FIG. 2 is a cross-sectional view showing the honeycomb structure taken along line A-A of FIG. 1;

FIG. 3 is a cut-away side view showing another honeycomb structure according to an embodiment of the present invention;

FIG. 4 is a cut-away side view showing still another honeycomb structure according to an embodiment of the present invention;

FIG. 5 is a cut-away side view showing a further honeycomb structure according to an embodiment of the present invention;

FIG. 6 is a cut-away side view schematically showing an exhaust gas treatment device with a honeycomb structure mounted therein according to an embodiment of the present invention;

FIG. 7 is a graph showing temperature changes at the inlet side and the outlet side of a common honeycomb structure during a regeneration process;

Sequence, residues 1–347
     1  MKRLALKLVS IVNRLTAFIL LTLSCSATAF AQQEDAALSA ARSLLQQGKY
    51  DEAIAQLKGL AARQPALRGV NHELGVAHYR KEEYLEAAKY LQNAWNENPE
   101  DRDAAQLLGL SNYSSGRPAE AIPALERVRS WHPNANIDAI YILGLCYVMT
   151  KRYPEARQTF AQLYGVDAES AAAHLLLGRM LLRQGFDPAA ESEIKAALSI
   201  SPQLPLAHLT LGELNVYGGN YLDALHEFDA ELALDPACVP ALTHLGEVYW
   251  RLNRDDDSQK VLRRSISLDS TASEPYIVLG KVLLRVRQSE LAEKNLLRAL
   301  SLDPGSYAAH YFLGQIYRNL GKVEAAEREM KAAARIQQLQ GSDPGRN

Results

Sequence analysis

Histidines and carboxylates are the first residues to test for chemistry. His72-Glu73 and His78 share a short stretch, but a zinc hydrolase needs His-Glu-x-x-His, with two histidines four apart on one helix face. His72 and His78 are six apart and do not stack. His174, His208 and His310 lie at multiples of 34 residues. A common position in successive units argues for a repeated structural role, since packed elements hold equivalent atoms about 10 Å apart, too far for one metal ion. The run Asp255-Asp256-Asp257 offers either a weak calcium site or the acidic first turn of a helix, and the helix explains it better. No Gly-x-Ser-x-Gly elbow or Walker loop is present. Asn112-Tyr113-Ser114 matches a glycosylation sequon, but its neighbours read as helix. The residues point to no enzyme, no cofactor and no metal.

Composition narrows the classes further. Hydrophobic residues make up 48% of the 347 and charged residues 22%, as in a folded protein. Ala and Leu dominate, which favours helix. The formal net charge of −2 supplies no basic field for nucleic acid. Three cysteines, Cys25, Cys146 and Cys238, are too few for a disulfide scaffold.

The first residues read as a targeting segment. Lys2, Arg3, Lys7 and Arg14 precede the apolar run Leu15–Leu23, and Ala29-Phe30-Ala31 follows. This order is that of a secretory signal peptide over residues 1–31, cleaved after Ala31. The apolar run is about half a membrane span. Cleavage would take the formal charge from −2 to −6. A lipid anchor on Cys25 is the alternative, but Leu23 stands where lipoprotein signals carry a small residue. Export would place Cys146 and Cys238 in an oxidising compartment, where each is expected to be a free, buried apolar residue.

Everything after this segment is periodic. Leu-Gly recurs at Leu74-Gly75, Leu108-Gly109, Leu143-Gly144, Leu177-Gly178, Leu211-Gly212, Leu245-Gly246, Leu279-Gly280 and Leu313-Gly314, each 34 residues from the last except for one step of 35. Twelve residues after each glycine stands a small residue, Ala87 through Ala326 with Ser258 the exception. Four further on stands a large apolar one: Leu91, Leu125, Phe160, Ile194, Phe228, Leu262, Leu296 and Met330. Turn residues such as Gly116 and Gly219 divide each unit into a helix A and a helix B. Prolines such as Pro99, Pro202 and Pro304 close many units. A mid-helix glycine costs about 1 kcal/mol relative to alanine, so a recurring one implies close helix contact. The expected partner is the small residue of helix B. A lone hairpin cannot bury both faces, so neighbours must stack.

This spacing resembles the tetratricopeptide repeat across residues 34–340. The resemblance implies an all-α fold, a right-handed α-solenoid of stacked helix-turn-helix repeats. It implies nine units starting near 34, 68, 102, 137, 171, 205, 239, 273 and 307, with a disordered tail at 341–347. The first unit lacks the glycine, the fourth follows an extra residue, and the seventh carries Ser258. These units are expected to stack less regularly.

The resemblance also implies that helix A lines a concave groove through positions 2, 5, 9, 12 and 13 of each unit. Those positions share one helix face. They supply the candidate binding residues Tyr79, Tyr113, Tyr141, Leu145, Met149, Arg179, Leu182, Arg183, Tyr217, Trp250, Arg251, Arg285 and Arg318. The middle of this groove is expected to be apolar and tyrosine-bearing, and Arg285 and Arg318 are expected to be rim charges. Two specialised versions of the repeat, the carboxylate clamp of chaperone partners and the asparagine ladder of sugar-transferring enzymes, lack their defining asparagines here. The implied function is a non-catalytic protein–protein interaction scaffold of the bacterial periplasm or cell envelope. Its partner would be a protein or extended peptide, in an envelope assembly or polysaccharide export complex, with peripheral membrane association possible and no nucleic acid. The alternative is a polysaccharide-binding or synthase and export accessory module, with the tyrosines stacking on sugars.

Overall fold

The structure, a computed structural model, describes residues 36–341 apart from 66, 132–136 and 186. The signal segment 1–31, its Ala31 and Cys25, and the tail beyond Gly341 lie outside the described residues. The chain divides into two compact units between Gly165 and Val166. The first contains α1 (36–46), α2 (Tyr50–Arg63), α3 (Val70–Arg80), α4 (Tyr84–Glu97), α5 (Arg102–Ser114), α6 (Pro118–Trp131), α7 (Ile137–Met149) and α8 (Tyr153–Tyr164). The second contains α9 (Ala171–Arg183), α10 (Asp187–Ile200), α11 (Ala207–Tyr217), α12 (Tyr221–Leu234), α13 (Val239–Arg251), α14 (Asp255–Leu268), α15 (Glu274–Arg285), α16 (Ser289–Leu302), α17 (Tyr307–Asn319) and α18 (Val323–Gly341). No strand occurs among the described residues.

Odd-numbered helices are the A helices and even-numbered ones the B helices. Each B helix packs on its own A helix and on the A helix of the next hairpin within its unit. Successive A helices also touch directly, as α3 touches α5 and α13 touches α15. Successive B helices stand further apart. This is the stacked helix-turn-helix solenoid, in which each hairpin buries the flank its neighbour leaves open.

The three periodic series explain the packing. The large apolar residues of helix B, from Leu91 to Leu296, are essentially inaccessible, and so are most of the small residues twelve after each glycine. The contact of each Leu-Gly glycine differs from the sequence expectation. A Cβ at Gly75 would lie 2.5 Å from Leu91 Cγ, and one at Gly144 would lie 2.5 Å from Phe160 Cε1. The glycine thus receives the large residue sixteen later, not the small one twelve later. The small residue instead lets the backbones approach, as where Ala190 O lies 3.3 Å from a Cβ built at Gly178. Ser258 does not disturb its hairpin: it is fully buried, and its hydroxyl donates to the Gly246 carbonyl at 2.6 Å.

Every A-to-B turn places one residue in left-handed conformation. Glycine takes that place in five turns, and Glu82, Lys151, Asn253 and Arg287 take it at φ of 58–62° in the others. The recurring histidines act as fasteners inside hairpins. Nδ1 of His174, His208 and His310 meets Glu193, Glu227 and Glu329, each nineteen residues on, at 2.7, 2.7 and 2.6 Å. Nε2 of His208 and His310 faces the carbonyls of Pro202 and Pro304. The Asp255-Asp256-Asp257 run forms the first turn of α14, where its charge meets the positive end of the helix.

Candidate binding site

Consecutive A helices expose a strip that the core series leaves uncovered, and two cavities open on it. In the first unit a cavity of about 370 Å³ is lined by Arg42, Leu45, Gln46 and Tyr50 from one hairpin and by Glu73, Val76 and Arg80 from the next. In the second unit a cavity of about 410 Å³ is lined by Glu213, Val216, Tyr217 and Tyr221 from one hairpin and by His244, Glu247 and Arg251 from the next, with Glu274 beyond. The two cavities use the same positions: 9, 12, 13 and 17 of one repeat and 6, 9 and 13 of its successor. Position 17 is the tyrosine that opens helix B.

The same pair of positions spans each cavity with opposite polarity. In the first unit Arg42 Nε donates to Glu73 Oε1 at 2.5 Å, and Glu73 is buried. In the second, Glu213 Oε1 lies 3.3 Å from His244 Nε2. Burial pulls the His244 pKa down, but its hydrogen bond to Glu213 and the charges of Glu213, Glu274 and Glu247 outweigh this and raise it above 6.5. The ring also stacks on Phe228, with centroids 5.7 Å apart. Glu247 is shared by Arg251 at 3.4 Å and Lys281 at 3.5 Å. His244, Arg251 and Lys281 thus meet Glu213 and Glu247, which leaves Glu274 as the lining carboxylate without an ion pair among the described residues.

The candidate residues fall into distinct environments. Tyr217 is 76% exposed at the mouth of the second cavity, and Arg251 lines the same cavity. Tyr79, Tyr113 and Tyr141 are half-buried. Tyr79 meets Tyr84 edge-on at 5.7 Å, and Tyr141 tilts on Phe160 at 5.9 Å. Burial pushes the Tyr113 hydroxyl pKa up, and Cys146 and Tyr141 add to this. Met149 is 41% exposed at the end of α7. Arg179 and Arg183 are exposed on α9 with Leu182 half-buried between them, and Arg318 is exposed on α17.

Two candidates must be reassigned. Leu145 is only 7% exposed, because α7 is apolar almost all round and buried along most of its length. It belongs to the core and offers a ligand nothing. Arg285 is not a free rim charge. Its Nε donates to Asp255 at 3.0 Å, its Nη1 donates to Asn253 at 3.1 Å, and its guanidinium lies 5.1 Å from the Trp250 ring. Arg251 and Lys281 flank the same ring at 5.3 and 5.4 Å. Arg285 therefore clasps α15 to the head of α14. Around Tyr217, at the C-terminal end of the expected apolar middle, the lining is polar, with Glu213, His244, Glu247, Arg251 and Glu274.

FIG. 8 is a perspective view schematically showing a bonded type honeycomb structure according to an embodiment of the present invention;

FIG. 9 is a perspective view schematically showing a porous honeycomb unit of a bonded type honeycomb structure according to an embodiment of the present invention;

FIG. 10 is a view showing an integrated type honeycomb structure with two kinds of cross-sectional cell shapes;

FIG. 11 illustrates a honeycomb structure with two kinds of cross-sectional cell shapes as viewed from an end face; and

FIG. 12 illustrates another honeycomb structure with two kinds of cross-sectional cell shapes as viewed from an end face.

DESCRIPTION OF THE EMBODIMENTS